Siria's Reviews > Life and Death in a Venetian Convent: The Chronicle and Necrology of Corpus Domini, 1395-1436

Life and Death in a Venetian Convent by Bartolomea Riccoboni
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Oct 15, 2011

really liked it
bookshelves: history, italian-history, nonfiction, religious-history, womens-history
Read from October 15 to 29, 2011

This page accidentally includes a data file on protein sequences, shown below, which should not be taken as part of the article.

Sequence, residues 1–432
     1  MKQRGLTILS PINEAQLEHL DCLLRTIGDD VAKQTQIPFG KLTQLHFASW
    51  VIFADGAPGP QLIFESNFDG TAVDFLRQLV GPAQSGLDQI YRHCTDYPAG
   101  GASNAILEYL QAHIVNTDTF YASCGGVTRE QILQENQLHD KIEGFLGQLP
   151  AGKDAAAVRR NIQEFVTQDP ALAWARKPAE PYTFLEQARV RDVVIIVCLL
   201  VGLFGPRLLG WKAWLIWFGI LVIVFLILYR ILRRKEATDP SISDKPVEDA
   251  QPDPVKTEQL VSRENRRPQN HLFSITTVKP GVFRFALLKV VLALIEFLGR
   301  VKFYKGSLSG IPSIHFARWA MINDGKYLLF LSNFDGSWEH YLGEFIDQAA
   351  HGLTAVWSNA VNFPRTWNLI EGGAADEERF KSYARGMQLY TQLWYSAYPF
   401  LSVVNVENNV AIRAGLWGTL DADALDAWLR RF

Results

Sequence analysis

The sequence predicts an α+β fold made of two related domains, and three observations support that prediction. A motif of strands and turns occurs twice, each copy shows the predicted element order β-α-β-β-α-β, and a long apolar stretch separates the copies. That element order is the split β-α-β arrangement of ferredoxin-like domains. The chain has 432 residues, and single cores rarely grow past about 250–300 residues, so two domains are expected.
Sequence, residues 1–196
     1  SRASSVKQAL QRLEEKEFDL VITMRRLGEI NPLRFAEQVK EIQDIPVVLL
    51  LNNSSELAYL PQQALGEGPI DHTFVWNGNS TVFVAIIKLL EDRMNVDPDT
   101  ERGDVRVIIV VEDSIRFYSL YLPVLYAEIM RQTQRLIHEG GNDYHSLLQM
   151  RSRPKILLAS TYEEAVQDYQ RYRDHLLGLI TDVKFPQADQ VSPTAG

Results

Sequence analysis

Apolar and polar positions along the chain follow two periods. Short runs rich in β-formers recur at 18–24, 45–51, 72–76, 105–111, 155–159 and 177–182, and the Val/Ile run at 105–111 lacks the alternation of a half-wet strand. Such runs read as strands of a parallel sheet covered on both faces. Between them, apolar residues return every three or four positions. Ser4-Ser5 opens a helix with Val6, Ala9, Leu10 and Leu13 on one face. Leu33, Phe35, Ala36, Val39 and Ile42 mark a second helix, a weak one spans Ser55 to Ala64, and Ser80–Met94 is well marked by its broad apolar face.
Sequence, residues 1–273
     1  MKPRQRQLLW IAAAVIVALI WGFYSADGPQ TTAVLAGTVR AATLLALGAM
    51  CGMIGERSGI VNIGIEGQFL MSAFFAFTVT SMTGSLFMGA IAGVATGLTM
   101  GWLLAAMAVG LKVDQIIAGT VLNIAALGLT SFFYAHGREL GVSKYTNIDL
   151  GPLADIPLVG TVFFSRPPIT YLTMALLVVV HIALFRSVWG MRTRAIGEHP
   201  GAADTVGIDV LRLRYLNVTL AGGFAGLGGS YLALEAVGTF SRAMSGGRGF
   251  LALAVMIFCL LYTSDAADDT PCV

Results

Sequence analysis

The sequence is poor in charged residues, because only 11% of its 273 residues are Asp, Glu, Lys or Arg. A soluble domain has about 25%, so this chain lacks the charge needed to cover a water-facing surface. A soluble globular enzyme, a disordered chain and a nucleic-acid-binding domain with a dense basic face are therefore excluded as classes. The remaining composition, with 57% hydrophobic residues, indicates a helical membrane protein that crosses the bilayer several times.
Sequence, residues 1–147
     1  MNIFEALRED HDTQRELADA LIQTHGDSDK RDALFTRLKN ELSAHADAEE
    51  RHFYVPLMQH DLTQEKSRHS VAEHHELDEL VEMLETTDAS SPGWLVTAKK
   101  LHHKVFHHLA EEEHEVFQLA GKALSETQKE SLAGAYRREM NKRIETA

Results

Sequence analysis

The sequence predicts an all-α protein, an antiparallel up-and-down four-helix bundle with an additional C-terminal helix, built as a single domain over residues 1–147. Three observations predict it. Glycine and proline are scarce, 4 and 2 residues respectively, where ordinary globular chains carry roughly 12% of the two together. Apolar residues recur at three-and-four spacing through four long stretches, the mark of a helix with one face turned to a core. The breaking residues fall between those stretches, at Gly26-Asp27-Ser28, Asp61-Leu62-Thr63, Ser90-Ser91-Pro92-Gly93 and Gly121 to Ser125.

This is a really fascinating example of a convent chronicle and necrology—a record kept by a Venetian nun, living at the end of the 14th/beginning of the 15th centuries, of her community's history and the pious deaths of the nuns who lived there. Not only does this show us medieval female religious documenting their own history and actively involved in shaping their own identity, we also see them interested and engaged in both ecclesiastical and secular politics. Sister Bartolomea tells us frustratingly little about her background, and I would love to have seen more about the day-to-day life of the convent, but what we do get is wonderful—an elderly sister, hobbling along to choir with the use of a cane; another sister preparing medicinal syrups for the others to drink. Bornstein's translation is clear and accessible, and makes this a wonderful source to use, particularly in an undergrad class.
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